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A.J. Drexel Autism Institute Awarded Grant to Improve Interactions Between Individuals with Autism and Criminal Justice System
Although the last two decades have seen an increase in awareness and the prevalence of autism spectrum disorder, policy and practice to meet the needs of this group have not consistently kept pace. To combat part of this problem, the International Society for Autism Research (INSAR) has awarded a competitive grant to local leaders who are working to improve interactions between autistic individuals and the justice system.
The award will fund a two-day conference in Summer 2020 that will bring together an international group of experts and will also fund development of a policy brief to share findings and promote change both within Pennsylvania and nationally.
Lindsay Shea, DrPH, director of the Policy and Analytics Center at the A.J. Drexel Autism Institute at Drexel University and an assistant clinical professor, will co-lead the project with Cpl. John Burke, an instructor at the Philadelphia Police Department Training and Education Services Bureau. It will be administered through the Policy and Analytics Center at the A.J. Drexel Autism Institute. This is only the third policy brief awarded by INSAR.
This issue is also personal for Burke, whose teenage son is on the autism spectrum.
Autism spectrum disorder is a developmental condition that is diagnosed based on challenges with social communication and interaction. It is accompanied by sensory sensitivities, restricted interests, and/or repetitive behaviors. Individuals on the spectrum can become overwhelmed in new or chaotic environments.
Research has shown that autistic individuals are at an increased likelihood of coming into contact with law enforcement or other justice professionals, compared to their neurotypical peers. Understanding these interactions is important in order to develop resources, services and programs to prevent and/or improve them.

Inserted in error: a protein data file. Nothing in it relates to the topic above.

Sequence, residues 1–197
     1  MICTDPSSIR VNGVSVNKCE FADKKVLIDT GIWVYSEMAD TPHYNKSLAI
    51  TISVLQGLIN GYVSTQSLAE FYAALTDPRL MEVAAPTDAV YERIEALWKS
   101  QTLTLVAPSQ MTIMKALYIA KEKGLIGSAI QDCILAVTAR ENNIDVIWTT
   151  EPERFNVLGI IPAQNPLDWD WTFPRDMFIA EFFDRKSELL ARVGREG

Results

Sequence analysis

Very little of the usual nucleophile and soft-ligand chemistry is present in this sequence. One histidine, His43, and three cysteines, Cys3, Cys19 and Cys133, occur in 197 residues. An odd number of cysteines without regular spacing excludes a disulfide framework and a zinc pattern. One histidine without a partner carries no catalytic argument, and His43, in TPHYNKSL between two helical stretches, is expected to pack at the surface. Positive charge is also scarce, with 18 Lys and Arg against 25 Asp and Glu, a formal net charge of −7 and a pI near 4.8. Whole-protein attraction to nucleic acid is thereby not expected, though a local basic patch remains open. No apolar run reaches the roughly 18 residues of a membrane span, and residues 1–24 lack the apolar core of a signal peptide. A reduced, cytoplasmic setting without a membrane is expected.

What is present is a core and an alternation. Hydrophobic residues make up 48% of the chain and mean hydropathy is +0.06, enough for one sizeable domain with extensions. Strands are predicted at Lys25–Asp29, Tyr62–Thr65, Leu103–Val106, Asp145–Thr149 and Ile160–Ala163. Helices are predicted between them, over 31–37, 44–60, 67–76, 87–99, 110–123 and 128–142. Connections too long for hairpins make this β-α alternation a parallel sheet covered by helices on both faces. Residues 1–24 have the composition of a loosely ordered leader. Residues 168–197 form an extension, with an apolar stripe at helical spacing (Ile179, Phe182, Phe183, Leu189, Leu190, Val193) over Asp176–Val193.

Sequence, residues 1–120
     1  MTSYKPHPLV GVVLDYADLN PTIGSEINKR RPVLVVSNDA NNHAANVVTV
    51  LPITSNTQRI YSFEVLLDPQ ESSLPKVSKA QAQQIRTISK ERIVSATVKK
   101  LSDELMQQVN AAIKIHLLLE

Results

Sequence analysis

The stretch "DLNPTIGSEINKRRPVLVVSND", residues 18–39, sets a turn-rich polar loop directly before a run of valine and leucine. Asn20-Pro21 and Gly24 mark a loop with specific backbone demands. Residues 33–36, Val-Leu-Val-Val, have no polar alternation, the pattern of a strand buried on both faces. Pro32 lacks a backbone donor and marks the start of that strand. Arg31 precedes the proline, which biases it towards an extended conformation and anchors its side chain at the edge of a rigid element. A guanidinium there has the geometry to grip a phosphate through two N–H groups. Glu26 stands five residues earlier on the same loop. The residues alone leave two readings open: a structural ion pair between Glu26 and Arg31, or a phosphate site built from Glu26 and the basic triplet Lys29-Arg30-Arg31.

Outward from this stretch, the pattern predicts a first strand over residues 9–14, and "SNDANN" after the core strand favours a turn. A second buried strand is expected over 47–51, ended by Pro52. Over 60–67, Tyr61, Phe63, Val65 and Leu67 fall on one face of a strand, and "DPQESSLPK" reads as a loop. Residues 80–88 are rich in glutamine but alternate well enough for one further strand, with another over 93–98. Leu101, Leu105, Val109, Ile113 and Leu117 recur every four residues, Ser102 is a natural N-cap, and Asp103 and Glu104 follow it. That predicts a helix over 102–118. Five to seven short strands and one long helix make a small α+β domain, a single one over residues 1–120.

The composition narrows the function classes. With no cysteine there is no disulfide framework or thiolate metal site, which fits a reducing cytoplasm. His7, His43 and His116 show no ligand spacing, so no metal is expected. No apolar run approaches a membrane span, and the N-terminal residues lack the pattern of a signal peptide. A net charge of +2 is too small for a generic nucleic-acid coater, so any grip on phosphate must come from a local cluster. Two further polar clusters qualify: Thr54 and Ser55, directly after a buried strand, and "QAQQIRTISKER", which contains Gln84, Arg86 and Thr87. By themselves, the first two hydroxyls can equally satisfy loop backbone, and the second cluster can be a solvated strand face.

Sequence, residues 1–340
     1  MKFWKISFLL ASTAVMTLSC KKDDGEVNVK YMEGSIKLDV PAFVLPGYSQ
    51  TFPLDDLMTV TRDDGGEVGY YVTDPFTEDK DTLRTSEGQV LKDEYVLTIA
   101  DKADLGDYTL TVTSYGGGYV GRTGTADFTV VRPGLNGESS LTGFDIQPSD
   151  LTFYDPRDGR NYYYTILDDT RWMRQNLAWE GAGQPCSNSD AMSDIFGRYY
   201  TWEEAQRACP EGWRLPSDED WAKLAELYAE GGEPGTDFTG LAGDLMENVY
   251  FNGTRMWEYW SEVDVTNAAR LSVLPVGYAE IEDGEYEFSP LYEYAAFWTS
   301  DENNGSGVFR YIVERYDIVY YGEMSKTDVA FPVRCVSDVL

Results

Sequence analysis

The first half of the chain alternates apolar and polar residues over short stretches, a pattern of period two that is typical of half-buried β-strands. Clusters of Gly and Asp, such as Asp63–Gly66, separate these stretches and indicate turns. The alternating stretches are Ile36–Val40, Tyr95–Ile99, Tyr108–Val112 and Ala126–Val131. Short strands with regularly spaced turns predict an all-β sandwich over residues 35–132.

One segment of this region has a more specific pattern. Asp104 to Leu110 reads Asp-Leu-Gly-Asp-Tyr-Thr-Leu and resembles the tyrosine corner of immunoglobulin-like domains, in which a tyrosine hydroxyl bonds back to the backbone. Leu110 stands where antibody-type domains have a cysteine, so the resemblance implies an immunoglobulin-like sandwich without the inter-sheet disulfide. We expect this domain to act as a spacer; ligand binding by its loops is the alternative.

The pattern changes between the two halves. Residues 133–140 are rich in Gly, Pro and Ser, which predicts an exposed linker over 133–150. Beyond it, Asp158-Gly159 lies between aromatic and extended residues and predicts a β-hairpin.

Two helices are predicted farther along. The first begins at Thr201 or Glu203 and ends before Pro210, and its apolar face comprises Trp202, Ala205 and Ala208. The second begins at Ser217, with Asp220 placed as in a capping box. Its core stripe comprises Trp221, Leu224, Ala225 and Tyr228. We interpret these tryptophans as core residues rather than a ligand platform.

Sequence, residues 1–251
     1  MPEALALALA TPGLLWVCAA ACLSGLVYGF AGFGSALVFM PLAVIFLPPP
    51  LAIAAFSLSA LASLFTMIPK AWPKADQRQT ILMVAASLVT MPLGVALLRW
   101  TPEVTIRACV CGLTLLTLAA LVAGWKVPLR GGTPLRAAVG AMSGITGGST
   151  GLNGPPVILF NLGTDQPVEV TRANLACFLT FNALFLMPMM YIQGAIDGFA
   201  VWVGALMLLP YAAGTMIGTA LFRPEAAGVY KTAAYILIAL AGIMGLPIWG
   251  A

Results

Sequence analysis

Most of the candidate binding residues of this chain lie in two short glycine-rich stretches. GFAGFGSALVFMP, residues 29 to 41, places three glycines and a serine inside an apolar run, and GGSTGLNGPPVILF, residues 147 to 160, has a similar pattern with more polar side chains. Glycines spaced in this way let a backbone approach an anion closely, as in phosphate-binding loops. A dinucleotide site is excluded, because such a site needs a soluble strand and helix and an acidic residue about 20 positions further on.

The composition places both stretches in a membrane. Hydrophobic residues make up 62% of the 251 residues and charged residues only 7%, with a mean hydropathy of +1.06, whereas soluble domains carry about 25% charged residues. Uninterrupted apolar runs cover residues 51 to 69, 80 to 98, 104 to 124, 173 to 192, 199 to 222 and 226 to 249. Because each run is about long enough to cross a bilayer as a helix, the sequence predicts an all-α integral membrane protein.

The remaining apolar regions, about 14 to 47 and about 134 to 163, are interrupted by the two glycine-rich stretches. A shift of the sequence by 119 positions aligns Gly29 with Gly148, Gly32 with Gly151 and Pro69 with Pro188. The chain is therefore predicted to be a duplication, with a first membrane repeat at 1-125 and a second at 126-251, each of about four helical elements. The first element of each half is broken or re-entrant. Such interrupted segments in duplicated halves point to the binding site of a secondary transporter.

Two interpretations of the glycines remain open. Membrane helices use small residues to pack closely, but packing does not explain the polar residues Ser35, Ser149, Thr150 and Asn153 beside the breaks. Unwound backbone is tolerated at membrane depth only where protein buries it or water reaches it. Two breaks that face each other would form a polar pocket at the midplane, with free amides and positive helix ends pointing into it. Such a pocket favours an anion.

Since awareness of autism varies and autism presents differently across individuals, law enforcement personnel may not recognize autism and may respond inappropriately or unintentionally escalate the situation. For autistic individuals in police custody, a lack of access to clinically knowledgeable professionals or appropriate legal representation can put them at increased risk of a variety of negative outcomes, particularly if they are easily intimidated by unfamiliar surroundings or are unaware of their right to avoid self-incrimination.
Autistic individuals may also encounter similar challenges in the court system, where a lack of understanding of their diagnosis, needs and strengths can lead to misinterpretation by judges and legal professionals and can put them at risk of biased or uninformed sentencing.
These risks are further exacerbated in vulnerable populations, including low-income individuals and those in minority populations who may have fewer resources to successfully represent themselves in legal situations.
Even in situations that do not result in a criminal charge or sentence, autistic individuals and their families often walk away having experienced a negative, and potentially traumatizing, encounter with the criminal justice system. For individuals on the spectrum, criminal justice interactions may also add to the challenges that they already face seeking employment and other community-based opportunities.
“Philadelphia and Pennsylvania have been leaders in collecting data about autism and criminal justice system interactions and generating community-based responses through training, resources and convening community partners,” said Shea. “The Philadelphia Autism Project, with support from Councilmember Derek Green, the Department of Behavioral Health and Intellectual disAbility Services, and the Autism, Services, Education, Resources, and Training (ASERT) Collaborative, funded by the Pennsylvania Bureau of Supports for Autism and Special Populations, look forward to taking these next steps toward productive discussion and innovative solutions that involve experts from a variety of backgrounds and the autism community.”
Philadelphia Police Department Spokesperson, Captain Sekou Kinebrew agreed:
“It is a privilege for the Police Department to contribute to the creation, development, and delivery of a protocol that will enhance our service to persons with special needs,” said Kinebrew. “We look forward to continued collaboration with our partner agencies and experts in completing this vital mission.”